Baxter - Houston-Packer Collection BX5200 .B352 1835 v1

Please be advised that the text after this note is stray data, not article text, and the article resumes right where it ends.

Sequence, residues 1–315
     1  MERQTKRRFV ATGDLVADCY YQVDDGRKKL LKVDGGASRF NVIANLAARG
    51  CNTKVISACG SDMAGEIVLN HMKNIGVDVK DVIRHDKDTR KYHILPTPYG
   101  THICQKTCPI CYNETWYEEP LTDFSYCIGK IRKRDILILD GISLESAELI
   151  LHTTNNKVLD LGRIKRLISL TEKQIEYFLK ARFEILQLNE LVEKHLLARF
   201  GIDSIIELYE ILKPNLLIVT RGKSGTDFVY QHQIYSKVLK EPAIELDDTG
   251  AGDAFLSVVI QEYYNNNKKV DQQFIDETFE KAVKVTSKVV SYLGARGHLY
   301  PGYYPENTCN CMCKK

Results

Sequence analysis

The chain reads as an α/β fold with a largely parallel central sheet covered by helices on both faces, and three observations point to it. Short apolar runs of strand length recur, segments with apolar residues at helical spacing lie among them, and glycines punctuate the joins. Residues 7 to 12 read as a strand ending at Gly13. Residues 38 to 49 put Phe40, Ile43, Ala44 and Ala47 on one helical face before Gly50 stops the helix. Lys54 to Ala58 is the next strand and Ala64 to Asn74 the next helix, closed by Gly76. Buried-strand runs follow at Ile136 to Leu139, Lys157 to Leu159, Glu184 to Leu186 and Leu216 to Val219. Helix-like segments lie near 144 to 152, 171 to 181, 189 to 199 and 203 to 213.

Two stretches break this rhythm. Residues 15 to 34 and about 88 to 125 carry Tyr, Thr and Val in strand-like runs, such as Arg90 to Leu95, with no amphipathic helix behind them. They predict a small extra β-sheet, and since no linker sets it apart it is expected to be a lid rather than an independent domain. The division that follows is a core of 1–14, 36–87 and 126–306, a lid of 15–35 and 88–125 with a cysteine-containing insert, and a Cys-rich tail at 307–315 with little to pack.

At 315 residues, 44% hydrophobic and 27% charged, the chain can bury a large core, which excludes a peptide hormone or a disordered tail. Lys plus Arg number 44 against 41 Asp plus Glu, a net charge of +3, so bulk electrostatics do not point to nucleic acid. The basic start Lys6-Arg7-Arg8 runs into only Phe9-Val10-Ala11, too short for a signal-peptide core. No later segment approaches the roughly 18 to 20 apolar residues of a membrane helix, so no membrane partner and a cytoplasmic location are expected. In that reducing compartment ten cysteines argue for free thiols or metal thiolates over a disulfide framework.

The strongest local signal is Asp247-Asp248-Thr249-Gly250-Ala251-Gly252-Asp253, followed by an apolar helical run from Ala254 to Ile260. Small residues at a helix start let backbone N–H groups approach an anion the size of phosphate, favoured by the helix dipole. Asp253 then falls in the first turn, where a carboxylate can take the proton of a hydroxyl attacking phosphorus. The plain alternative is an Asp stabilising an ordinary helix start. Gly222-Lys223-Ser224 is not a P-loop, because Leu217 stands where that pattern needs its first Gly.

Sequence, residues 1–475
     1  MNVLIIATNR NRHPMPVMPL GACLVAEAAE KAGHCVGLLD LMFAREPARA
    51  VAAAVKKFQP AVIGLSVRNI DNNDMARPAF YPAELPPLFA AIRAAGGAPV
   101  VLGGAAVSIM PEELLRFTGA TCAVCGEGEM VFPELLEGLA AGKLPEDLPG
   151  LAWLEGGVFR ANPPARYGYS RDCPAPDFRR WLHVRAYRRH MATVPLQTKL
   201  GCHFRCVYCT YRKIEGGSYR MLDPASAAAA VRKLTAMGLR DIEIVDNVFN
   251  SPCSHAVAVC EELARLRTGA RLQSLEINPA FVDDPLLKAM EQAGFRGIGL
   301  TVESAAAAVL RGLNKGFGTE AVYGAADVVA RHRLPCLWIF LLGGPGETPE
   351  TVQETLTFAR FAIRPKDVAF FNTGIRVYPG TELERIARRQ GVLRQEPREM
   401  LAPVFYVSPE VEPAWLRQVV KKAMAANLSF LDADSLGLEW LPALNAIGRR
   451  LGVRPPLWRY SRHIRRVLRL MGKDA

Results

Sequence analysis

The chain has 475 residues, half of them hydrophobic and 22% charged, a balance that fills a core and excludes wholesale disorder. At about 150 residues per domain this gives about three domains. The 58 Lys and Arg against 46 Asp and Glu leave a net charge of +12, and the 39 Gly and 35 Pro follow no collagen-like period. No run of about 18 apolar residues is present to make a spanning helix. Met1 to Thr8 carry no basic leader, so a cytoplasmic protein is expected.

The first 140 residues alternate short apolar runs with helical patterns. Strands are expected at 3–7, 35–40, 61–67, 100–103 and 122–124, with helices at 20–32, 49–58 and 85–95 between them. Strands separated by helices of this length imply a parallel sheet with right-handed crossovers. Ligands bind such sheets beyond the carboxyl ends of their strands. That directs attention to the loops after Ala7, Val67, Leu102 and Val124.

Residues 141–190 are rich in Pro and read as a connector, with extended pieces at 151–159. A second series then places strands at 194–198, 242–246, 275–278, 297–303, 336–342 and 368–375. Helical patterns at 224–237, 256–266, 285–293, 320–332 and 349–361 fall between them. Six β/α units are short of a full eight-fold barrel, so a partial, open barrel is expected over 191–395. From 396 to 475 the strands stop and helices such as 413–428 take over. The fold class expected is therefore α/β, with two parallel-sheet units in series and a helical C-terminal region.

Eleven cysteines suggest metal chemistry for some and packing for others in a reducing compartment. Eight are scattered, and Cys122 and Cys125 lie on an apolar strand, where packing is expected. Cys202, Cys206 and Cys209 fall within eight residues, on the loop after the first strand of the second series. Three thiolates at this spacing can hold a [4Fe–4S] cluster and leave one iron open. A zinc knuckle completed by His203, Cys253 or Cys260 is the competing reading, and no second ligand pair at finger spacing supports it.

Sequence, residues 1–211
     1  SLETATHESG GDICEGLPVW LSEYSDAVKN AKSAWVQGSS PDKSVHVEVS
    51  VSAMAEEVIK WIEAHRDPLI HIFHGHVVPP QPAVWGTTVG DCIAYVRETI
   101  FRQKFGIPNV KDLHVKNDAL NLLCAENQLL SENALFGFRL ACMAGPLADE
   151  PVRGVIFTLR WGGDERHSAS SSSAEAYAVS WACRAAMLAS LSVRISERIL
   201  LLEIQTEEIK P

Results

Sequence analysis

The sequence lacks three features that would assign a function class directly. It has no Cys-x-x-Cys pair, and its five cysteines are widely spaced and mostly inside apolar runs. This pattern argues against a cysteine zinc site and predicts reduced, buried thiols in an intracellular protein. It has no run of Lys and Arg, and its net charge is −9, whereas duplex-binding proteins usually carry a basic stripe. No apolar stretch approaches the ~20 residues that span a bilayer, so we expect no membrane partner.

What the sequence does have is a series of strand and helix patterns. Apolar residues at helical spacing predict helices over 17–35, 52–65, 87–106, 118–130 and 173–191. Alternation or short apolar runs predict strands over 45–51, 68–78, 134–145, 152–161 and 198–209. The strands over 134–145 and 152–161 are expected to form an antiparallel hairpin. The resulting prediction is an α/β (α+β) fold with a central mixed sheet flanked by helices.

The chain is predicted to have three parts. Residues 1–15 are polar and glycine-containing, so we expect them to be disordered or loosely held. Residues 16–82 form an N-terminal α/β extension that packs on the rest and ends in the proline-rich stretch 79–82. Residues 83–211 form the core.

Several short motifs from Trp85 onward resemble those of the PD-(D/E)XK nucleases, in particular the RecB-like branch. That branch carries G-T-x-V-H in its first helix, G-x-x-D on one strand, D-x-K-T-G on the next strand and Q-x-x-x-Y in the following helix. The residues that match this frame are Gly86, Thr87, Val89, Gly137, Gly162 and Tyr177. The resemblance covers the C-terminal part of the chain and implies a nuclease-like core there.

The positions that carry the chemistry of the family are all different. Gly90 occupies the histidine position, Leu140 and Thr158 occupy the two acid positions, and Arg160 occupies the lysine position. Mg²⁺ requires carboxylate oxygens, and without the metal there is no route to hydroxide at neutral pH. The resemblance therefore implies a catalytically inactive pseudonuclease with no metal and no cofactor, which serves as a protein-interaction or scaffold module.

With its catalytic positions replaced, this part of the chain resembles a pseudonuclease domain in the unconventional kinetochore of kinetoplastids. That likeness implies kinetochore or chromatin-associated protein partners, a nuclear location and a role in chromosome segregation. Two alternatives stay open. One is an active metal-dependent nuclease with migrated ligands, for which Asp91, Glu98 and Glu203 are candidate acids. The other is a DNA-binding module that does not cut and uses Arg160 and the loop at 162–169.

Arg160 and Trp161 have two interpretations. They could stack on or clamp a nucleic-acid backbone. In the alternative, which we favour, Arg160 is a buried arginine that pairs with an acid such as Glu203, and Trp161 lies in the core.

FIFE OF RICHARD BAXTER. 45 To this placeBaxter was invited on the 9th of March, 1641. "My mind," he says, "was much to the place as soon as it wasde- scribed to me ; because it was a full congregation, and most con- venient temple ; an ignorant, rude and reveling people for the greater part, who had need of preaching, and yet had among them a small company of converts, who were humble, godly, and of good conversation, andnot much hated by the rest, and therefore the fitter to assist their teacher; but above all, because they had hardly ever had any lively, serious preaching among them. For Bridgenorth had made me resolve that I would never more go among a people that had been hardened in unprofitableness under an awakening ministry ; but either to such as had never had any convincing preacher, or to such as had profited by him. As soon as I came to Kidderminster, and had preached there one day, I was chosen, nemine.contradicente; for though fourteen only had the power ofchoosing, they desired to please the rest. And thus I was brought, by the gracious providence of God, to that place which, had the chiefest of my labors, and yielded the greatest fruits of comfort. And I noted the mercy of God in this, that 1 never went to any place in mÿ life, among all my changes,which I had before desired, or thought of, much less sought ; but only to those that I never thought of till the sudden invitation did sur- prise me." The sequel of his life will show in what manner, and with what success, he labored in this place. At the beginning of his labors here, he foundhimself the object of much jealousy and hatred on the part of the ignorant rabble of the town. Some instances of their malice he records ; the same idle ridicule, the same perverse misrepresentations, the same lying reports, with which drunkards and scorners are wont to assail serious and faithful ministers in these days, were employed against him. He lived, however, to see the party of the tippling and profane very much diminishedunder his influence. In connection with the commencement of his labors at Kidder- minster, he adverts again to those bodily infirmities under which he had all along been suffering. These, he says, "were so great as made me live and preach in some continual expectation of death, supposing still that I had not long to live ; and this I found through all my life to be an invaluable mercy to me : For, "1. It greatly weakened. temptations: "2. It kept me in a great contempt of the world. "3. It taught me highly to esteem of time ; so that if any of it passed away in idleness or unprofitableness, it was so long a pain and burden tomy mind. So that I must say, to the praise of my most wise conductor, that time hath still seemed to me much more